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Hello Network Engineers,

I've been tasked with identifying weather or not my current network has (egress / ingress) MTUs greater than 1400.

My question is, what is the best method of capturing/depicting the network's current MTU sizes and where should I preform this capture/monitor?

This is my first question on the site. I look forward to working with all of you.

v/r

Errdisabled

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You can test path MTU discovery across a live network with a tool like tracepath (part of the Linux IPutils package) or mturoute (Windows only). Here's a sample of tracepath output from the lab pictured above, with the MTU of F0/1 reduced to 1400 bytes using the ip mtu command:

Host$ tracepath -n 192.168.1.2
 1:  192.168.0.2       0.097ms pmtu 1500
 1:  192.168.0.1       0.535ms 
 1:  192.168.0.1       0.355ms 
 2:  192.168.0.1       0.430ms pmtu 1400
 2:  192.168.1.2       0.763ms reached
    Resume: pmtu 1400 hops 2 back 254 
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The easiest way to check supported MTU sizes is ping - provided your routing nodes support echo requests/replies.

E.g. in Windows you can use ping -f -l 1472 <destination IP> to check for 1500 byte MTU all the way to the . If you get a fragmentation error or no reply at all the destination path does not support the tested MTU.

Ping uses ICMP echo requests, the ICMP packet and the encapsulating IPv4 packet cause 28 bytes of overhead. -l 1472 adds 1472 bytes of test data to the packet headers for a total size of 1500 bytes. The -f option sets the 'Don't Fragment' bit to avoid fragmentation (which would hide the inability to transport the requested packet in whole). Obviously, to test for other MTU sizes you subtract 28 from the desired MTU and use that with -l.

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  • other implementations of Ping interprete the "length" parameter differently in command parameter and command output. Some expect the total packet length, others only the intended payload size. A bit of trial and error with adding or subtracting 20, 8 or 28 to the current value might be needed Jul 16 '18 at 19:41
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    Absolutely, but the OP didn't post which OS he's using and ping on n*x has many variations.
    – Zac67
    Jul 16 '18 at 19:45
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Once you have determined MTU values for a given path (see Maverick's answer), it might be worth looking for traces of TCP MSS clamping (a.k.a ip tcp adjust-mss in Cisco speak) happening along the path between source an destination.

Why? If the tests happen to be TCP based, results might be skewed by MSS clamping.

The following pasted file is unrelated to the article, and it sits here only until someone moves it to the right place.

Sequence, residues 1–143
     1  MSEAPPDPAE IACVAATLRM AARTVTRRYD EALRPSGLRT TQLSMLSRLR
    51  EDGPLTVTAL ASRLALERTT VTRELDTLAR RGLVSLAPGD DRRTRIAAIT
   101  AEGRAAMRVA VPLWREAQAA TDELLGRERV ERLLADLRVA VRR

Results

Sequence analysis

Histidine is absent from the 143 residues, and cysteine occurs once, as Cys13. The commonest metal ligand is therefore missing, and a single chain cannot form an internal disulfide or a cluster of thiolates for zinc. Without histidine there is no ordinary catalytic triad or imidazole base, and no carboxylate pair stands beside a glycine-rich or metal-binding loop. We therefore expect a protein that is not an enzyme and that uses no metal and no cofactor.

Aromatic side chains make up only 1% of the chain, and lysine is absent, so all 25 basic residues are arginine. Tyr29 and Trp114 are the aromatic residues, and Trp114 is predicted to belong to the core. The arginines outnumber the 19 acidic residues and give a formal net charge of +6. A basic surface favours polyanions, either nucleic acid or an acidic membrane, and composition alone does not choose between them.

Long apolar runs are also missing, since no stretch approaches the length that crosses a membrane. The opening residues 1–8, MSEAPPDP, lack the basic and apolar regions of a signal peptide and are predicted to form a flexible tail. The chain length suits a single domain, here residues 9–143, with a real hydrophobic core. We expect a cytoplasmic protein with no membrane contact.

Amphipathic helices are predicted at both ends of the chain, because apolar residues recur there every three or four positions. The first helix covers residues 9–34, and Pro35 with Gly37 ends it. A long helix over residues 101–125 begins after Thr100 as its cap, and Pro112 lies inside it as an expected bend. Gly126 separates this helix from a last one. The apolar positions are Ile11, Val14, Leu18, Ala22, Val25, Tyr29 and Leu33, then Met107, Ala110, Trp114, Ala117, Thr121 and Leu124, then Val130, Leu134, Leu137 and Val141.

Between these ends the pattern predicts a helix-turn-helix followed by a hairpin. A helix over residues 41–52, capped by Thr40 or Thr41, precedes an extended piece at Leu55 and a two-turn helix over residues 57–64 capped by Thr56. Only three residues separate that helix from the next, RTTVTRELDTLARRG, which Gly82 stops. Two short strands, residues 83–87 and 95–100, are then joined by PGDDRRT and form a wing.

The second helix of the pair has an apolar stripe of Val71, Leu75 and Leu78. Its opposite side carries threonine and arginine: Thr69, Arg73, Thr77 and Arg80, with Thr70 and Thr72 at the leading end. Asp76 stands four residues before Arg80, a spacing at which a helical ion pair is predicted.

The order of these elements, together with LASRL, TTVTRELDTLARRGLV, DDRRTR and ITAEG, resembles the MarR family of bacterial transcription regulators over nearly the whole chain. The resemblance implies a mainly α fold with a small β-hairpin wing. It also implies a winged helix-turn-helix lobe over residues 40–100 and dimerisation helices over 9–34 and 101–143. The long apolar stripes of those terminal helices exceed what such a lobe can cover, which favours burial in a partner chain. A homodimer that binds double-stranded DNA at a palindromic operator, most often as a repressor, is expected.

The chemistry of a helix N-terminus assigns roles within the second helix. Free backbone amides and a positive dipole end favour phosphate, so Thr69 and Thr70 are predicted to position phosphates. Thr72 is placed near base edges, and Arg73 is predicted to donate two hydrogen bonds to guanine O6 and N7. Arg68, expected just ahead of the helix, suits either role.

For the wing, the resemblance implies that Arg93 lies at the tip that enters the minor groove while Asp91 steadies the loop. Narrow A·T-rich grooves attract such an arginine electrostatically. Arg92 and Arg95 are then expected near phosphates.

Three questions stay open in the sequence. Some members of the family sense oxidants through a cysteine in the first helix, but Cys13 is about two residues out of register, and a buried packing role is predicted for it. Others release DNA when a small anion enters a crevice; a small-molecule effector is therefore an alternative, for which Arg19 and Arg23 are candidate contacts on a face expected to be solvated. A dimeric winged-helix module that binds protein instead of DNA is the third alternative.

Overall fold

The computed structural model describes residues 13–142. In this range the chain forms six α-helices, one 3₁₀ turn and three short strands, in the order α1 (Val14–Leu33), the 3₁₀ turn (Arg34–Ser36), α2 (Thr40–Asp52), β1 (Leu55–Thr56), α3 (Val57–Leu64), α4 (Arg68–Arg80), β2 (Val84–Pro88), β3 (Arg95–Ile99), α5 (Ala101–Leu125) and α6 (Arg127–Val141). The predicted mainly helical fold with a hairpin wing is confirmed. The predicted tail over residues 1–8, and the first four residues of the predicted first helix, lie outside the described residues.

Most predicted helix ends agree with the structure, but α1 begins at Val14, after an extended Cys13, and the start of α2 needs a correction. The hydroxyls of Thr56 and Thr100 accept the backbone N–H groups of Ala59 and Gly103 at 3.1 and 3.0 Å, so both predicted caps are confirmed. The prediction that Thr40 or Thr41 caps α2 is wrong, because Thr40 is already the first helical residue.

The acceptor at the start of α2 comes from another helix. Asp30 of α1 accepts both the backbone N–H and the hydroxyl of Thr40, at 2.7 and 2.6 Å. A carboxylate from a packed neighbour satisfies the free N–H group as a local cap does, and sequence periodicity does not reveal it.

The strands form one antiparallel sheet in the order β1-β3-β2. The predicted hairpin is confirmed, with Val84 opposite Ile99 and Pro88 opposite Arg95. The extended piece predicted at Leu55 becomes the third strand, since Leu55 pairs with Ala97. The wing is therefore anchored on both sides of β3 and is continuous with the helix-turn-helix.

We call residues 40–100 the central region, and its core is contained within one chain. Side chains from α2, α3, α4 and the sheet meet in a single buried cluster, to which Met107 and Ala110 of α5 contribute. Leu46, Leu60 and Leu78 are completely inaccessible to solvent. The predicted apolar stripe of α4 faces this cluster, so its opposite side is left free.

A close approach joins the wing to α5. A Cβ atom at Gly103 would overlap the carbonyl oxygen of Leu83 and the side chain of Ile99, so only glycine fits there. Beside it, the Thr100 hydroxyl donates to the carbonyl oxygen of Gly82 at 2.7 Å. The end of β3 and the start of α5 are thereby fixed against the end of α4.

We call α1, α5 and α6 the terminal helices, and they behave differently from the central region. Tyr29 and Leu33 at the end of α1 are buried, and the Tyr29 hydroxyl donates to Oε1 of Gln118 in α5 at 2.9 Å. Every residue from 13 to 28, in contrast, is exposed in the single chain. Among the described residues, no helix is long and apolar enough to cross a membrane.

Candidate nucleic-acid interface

In a typical scenario on plain Ethernet, an initiator (mostly called 'client', but TCP has no concept of client nor server), in its intial TCP SYN segment, will announce a TCP Maximum Segment Size (MSS) of own-NIC's-MTU_minus_(TCP+IPv4-Headers), or 1500 - 40 = 1460 (1428 if TCP timestamps are in use).

And the responder ('server') will do the same, deriving the maximum TCP payload size from it's own NIC and sending that value in it's SYN/ACK segment.

Routers, along the path, interconnecting different links/media with different MTU characteristics, can and will manipulate that value, so that fragmentation can be avoided. This becomes very important if further encapsulation is happening on some sections of the path, like PPPoE, GRE or IPSec tunnels.

To observe the effects of TCP MSS clamping, you need to be able to capture the initial SYN and SYN/ACK packets on both initiatior and responder for a TCP session.

If, in the same SYN segment, upon arrival at the responder, the value is lower than it was when it left the receiver, then at least one router (or L3-switch or firewall or VPN concentrator or...) is doing TCP MSS clamping.

Be sure to compare the values in both directions (with the SYN/ACK packet of the same tcp session). PathMTU in itself is something unidirectional that occurs independently in the other direction, and also the MSS clamping configuration bits on a given device can be of unidirectional nature (only ingress, only egress, both) - depending on vendor, that is.

UDP has no concept of MSS; either the application knows how many bytes to send per packet, or it relies on PMTU discovery and it's hints of lower MTU, and adapts accordingly. But PMTU on IPv4 is not especially famous for being reliable.

Out of experience, if I were asked (by application people, that is) about "do we have 1400bytes MTU on our network?", I would bounce the question back: "1400 is what you need? If I confirm, will you be happy with sending a maximum of 1360bytes of payload per packet on non-timestamped TCP and 1372 on UDP?" In the end, I would want them to bring forth their requirements in terms of n bytes of payload per packet, not as MTU or packet size or whatever they believe the unit is.

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